The case for change is well rehearsed. We are living longer, much longer than in 1948 when the basic state pension was put in place. Back then a 65-year-old man — and many fewer reached 65 in the first place — could expect to live another 12 years. Today he can expect to live 21 years, while 65-year-old women can expect 24 more years of life. Further substantial increases in life expectancy are predicted. Yet the male state pension age remains where it was in 1948 and the female pension age is only just catching up with that for men.
The result is that a growing fraction of the population is receiving a state pension and a growing fraction of national income is going to support this older population, not simply to pay for pensions, but health and social care, too. Most of this is conveniently ignored most of the time. We are carefully not thinking about how to fund it. We completely lack the capacity to have a sensible debate about managing spending on health and social care. But we do now have a policy on the pension age, linking it with life expectancy. The government’s stated objective is that we should expect to spend on average up to a third of our adult life in receipt of the state pension.
That is quite an ambition. It is far more than originally intended by the architects of the welfare state. A pension age of 68 in 2037 looks generous compared with one of 65 in 1948, or even 1980. It wouldn’t be hard to make the case for a more draconian policy. We are still baking in nearly all the increases in time spent on the state pension resulting from recent increases in longevity. There have been manifold failures of communication, which mean too many people still don’t know when they will become eligible for a state pension. But our long-term planning in this respect at least looks impressive compared with the sharp and much quicker increases in pension age legislated in many other countries.
But is the proposed increase in pension age fair? It’s all very well dealing in averages, but the rich live longer than the poor and a higher pension age hits the poor hard. Those 65-year-olds in the highest social classes can expect to live five years more than those from poorer backgrounds. There are even bigger gaps in healthy life expectancy. A 65-year-old woman in the most deprived areas of England, for example, can expect to live only six years in good health, while one in the wealthiest areas can look forward to 13 years of healthy life.
Differences in health and life expectancy are undoubtedly among the most dramatic and worrying manifestations of economic inequality. They also mean that the lifetime rich receive more in state pension payments than do the lifetime poor, simply because they live longer. Yet that is not a new phenomenon, so is not in itself a good argument against raising the pension age across the board. It might argue for differential pension ages, perhaps higher for those with higher levels of education or higher lifetime earnings.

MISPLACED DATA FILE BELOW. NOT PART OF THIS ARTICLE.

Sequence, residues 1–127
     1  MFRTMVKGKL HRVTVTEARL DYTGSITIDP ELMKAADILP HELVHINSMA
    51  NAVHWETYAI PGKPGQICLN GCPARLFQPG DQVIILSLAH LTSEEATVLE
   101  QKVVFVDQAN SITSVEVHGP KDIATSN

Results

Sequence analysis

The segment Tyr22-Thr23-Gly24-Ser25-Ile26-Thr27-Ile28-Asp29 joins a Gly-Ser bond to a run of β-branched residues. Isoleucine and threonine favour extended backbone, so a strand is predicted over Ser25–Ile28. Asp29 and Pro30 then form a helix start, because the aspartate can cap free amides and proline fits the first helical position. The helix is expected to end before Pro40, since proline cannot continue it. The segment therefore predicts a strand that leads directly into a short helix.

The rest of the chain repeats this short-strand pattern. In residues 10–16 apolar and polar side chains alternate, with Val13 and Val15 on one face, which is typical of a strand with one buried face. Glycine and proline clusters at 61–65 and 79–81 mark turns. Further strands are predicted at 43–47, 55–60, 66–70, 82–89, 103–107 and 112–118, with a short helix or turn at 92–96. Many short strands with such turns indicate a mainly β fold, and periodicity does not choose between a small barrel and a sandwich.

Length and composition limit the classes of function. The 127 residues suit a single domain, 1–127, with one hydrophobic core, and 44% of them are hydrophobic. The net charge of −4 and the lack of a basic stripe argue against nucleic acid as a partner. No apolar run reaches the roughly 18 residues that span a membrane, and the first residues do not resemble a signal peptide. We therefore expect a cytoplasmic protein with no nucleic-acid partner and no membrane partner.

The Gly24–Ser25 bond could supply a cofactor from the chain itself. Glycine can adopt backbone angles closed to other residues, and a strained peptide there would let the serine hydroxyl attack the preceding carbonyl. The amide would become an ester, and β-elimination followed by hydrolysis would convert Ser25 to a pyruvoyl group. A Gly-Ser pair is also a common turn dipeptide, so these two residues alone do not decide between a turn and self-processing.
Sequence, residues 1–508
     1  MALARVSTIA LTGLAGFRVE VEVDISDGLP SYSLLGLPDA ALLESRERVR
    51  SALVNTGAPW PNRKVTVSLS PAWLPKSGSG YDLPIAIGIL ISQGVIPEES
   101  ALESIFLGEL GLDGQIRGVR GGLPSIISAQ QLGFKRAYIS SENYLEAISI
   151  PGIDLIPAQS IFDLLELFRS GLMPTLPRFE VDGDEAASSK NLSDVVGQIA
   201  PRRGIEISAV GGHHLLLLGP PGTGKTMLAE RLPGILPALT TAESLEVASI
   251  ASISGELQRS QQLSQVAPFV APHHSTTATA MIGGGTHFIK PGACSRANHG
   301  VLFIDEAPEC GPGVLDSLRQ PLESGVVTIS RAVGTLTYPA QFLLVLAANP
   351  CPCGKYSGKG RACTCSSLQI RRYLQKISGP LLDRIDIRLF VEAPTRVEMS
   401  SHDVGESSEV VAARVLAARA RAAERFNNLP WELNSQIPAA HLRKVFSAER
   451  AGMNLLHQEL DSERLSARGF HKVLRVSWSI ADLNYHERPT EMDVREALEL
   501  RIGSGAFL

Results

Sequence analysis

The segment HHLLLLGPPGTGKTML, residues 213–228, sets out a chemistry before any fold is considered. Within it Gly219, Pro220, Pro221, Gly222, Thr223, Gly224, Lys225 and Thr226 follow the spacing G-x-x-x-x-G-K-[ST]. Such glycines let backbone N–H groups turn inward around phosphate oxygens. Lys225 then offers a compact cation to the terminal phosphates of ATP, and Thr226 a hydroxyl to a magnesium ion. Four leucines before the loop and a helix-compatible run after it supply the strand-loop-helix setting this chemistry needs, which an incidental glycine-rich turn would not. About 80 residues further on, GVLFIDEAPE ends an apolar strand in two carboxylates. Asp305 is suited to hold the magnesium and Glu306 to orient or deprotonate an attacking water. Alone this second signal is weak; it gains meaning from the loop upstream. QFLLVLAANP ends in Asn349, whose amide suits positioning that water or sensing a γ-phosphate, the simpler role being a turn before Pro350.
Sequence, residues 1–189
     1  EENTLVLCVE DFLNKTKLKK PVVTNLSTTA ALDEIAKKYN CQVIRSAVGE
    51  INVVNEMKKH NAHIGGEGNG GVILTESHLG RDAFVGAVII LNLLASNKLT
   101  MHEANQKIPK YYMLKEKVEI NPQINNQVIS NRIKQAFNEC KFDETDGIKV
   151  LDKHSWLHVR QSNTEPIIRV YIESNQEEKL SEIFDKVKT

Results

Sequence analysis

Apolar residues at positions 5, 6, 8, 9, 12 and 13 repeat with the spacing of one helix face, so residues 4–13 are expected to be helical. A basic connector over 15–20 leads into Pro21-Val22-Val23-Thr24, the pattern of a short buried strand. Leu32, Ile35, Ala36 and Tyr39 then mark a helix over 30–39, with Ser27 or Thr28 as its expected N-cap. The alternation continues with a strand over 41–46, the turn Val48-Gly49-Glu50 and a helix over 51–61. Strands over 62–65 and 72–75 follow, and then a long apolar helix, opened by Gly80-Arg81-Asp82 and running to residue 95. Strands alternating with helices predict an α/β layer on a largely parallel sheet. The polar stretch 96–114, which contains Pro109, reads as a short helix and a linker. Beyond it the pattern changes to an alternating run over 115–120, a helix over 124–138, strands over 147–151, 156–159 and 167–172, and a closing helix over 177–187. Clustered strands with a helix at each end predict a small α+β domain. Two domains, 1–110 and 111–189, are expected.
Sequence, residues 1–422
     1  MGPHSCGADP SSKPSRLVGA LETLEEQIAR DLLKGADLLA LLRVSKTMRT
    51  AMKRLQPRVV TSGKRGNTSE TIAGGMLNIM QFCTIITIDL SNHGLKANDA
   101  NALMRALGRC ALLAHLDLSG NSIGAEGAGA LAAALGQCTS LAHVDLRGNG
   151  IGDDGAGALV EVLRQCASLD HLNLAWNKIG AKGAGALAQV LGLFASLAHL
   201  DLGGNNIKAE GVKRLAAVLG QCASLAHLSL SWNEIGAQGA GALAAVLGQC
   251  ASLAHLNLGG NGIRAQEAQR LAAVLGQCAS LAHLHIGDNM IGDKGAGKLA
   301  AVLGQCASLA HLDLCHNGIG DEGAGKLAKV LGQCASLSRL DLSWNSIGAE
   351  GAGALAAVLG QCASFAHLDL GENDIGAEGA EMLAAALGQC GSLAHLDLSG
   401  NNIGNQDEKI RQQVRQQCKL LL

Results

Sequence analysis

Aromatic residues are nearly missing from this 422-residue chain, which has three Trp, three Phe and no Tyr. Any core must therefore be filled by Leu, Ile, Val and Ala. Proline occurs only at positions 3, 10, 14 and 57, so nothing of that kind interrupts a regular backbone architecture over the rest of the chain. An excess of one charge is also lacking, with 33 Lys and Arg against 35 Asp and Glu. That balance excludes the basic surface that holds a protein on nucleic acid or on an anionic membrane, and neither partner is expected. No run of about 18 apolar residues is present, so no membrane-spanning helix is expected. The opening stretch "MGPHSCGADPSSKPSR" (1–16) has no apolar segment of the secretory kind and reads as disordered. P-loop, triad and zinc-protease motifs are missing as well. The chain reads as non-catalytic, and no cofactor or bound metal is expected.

We need to be clear why, though. It can’t just be because the rich get more in state pensions: that is far outweighed by their higher tax payments and national insurance contributions. Fairness must always be judged against the system as a whole, not individual elements in isolation. At best, a lower state pension age for some would be a poorly targeted treatment of the symptoms of a much deeper problem, not any kind of solution.
What about the fairness, however, of expecting those engaged in heavy manual work, or dull and repetitive work, to carry on working longer? If they are unable to find work that they want and can do, they will suffer additional years of hardship before the state pension kicks in. This has been the experience of many women in their early 60s as the female state pension age has risen. Yet others have remained in paid work for longer and, at more than £5 billion a year, the savings to the public finances are already large.
What is certain is that having more people in their 60s in paid work is possible. A much smaller fraction of men in their 60s are in work than was the case in the early 1970s, when tough manual jobs were much more prevalent and life expectancy much lower. A 60-year-old man today has half the chance of dying this year than a 60-year-old in the mid-1970s, and yet is 25 per cent less likely to be in work. We may decide perfectly reasonably to work less as we get richer, but we should lay to rest the idea that we are unable work more.
In the end we will, as always, have to make trade-offs. We have already decided, by default, to extend the period that people spend as pensioners rather the time they spend in paid work. Some rebalancing will allow us to afford higher pensions, or have lower taxes than otherwise. But the real worry surely should be why so many people still reach their 60s with such poor prospects for either worthwhile employment or a long and healthy life